Otaki Historical Journal No 33, 2011
One of Bev Stanley’s earliest memories was of the garage her parents bought not long after they moved from Wellington to Otaki in 1938.
The garage was in the old stables that were used when stage coaches plied their trade along the coast. Going to and from Wellington, they would come from the beach up Rangiuru Road and rest the horses at the stables, right next to the Telegraph Hotel, where coachmen and passengers could stay the night. Both the hotel and the stable buildings still exist, as does the work of mechanics who now work under the name of Otaki Automotives.
Bev was born Beverley Ann Arcus on 4 January 1936 in Wellington, where she lived with her parents, Harry and Joyce Arcus. They moved to Otaki when she was 2. She is the eldest of six children – the others being Carol, Glenys, Peter, Bill and Kathy. Peter died several years ago.
Harry was familiar with the area as he had attended Ohau School north of Otaki, where his father was the principal. They originally lived at Rangiuru Beach, then Kirk Street, from where Bev walked on her first day at Otaki School.
They later moved to 275 Rangiuru Road where Bev and her husband, Ted, still live.
This house – like Harry’s garage – also has a history of its own. It was Otaki’s first state school house, built in 1880. Some of the original windows have hand-made glass panes, the roofing came from Australia and the bathroom fittings were imported from England. The original school, which was towards the back of the section, was burnt down in the 1890s, leaving the school house empty for several years.
In 1949 Bev was sent to Chilton Saint James boarding school in Lower Hutt. In 1952 she went to Wellington Teacher’s Training College in Kelburn.
Her first teaching post was at Otaki Primary School where two of her sisters and a brother were pupils.
She remembers that due to the family’s proximity to town, every time there was a fire all the kids would wrap up in their eiderdowns and go to watch it.
Other memories of Otaki about this time are of Mrs (Paddy) Royal, a generous and well-liked lady, who owned a sweet and icecream shop plus a catering business. Mr Royal ran a bakery on the premises. The shop was opposite the Civic Theatre just west of the Ritz Milk Bar.
Mrs Royal was well known for driving anyone who needed transportation to Palmerston North Hospital on a Sunday, gratis. Bev recalls her shop later became a furniture store owned by Les Yates, who was a cabinet maker.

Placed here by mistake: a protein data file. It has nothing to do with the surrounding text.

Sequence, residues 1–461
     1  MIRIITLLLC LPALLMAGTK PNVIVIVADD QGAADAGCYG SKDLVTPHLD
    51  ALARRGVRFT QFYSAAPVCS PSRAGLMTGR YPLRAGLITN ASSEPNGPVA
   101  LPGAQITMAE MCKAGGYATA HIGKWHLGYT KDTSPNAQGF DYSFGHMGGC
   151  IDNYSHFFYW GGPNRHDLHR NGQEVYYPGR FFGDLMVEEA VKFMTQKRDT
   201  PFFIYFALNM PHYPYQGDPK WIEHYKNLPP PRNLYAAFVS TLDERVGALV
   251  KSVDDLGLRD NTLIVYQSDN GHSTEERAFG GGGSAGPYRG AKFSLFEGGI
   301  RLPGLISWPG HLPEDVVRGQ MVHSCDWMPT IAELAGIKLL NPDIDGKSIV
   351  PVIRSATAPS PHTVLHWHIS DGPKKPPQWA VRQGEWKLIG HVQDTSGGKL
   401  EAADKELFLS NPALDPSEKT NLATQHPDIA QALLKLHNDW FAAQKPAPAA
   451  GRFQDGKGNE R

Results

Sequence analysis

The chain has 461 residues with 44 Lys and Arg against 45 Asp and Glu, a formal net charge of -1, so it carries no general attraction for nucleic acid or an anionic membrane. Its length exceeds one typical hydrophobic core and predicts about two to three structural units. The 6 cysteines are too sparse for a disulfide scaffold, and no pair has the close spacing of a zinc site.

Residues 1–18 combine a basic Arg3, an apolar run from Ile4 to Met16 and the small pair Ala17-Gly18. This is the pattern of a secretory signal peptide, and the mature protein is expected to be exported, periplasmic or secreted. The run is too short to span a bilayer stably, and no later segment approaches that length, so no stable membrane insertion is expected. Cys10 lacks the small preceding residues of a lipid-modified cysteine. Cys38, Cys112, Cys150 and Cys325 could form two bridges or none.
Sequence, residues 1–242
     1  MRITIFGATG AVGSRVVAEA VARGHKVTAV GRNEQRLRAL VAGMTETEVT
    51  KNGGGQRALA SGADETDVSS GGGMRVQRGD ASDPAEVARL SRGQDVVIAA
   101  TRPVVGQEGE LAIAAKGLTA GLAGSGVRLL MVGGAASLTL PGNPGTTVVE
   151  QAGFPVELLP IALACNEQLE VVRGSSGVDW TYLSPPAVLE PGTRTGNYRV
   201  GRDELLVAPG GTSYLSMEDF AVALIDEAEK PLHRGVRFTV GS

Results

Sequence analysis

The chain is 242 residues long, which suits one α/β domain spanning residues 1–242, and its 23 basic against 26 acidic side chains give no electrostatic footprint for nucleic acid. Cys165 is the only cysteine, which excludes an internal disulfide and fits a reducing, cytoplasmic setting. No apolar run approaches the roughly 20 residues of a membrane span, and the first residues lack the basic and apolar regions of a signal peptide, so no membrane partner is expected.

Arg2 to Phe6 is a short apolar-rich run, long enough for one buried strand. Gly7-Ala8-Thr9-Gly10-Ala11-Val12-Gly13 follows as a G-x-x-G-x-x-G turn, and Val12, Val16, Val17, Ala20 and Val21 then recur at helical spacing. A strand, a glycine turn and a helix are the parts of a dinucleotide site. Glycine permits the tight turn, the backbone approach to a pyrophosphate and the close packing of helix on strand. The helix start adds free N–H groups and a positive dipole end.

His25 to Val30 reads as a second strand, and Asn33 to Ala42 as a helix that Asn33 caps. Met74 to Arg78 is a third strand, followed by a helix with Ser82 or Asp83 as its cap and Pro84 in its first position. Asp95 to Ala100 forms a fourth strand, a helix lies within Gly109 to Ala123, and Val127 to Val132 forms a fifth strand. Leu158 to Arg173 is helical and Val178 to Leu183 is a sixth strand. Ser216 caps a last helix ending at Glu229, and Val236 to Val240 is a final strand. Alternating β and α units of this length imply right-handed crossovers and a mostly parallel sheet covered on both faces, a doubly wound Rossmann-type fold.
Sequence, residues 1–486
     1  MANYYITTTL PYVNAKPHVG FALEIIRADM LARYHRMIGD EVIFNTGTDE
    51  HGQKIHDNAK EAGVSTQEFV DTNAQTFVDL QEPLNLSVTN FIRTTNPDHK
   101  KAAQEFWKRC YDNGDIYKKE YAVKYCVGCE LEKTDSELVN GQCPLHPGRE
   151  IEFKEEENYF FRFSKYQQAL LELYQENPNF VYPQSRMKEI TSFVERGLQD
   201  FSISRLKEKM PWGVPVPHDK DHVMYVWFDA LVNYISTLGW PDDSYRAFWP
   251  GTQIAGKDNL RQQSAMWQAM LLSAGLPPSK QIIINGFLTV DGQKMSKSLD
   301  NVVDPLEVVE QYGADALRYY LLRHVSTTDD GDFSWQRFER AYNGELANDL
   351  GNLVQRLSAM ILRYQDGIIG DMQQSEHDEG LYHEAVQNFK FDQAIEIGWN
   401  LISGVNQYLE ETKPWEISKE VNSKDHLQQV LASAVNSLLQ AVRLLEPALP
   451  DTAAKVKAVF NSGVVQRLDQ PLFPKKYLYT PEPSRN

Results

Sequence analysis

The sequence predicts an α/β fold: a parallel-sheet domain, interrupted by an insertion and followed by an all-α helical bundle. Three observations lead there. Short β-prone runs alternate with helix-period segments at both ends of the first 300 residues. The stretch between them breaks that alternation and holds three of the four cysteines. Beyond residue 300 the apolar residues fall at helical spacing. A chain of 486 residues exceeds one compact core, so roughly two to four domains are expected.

The Ritz Milk Bar was owned by Bill Connor, who had taken over from a Mr Smyth and modernised it. Bill’s sister, Avis, worked for him for 15 years. East of the milk bar was Mr Pomfrey’s tiny drapery shop, which stood in a grassy section. Next was George McKinley’s bicycle shop, later taken over by Ben Bell, and then C P Grey’s shoe shop.
Bev remembers that Albanian George Matulich owned the fish and chip shop in the same block. You could buy 6d worth and ask for scraps as well! She also remembers his potato-peeling machine.
Right on the corner was Hing’s greengrocery shop where, at certain times of the year, you could buy a penny’s worth of spotted fruit. She also remembers a big cannon in Memorial Park next to the Civic Theatre and recalls how she and her siblings loved to climb all over it. It’s believed the cannon was taken away for its scrap metal.
On VE Day there was a parade from the primary school to Memorial Park followed by a victory ball in the Railway Hall. On VE night locals gathered opposite the Civic Theatre and made their own fun.
As Bev reminisced about the township she recalled the windows in Mrs Dowsett’s shop – it was a lovely place to play on the way home from school. To get into the shop you had to pass three stand-alone ground-to-ceiling window boxes, and then the doorway was flanked by two dressed windows. Mrs Dowsett also sold shoes at the back.
There was a popular dance venue at Paraparaumu Beach called the Blue Moon, and it was here that Bev met Ted Stanley in 1955. They were married at All Saints Anglican Church, Otaki, in 1957 and the reception was in the Mayfair Ballroom, which was once a Maori College schoolroom adjacent to Rangiatea Manse. Mrs Royal did the catering.
Bev and Ted’s eldest three children were born in the Otaki Maternity Home. In 1962 Ted began working in the bank, and in this capacity was transferred to Palmerston North where daughter Carolyn was born.
At this time Bev was employed as supervisor of the playcentre in Otaki and she assumed the same role at the Palmerston North branch. Ted then began another job working for the Ministry of Works. He was promoted to a position at Wairakei Geothermal, so in 1971 they moved to Taupo. Ted then went to work in Turangi, commuting from Taupo daily, while Bev taught at Taupo Primary School for nearly 20 years.
Bev and Ted went for a holiday in Australia in 1980, and not long after they got back Bev’s father died in Palmerston North Hospital. Bev’s mother died five years later. Bev and Ted returned to Otaki in 1986 and Bev got a job teaching new entrants at Waitohu School. When she retired she’d hardly been home two weeks when she got a phone call from Te Horo School asking if she could help out there, which she did and loved.
Bev remembers some funny little incidents while teaching her young charges. One little boy wanted to know how to spell sex, which she wrote in his book before realising he really wanted to know how to spell insects! Another time a Salvation Army major arrived to teach religious instruction and brought a man who lived in the Pacific Islands with him. He had asked him to dress in his native dress so he arrived all dressed in white and the children thought he was God.
Bev now tutors at the Otaki Skills Sharing Centre, works at the Citizens Advice Bureau and attends the Otaki Women’s Community Club.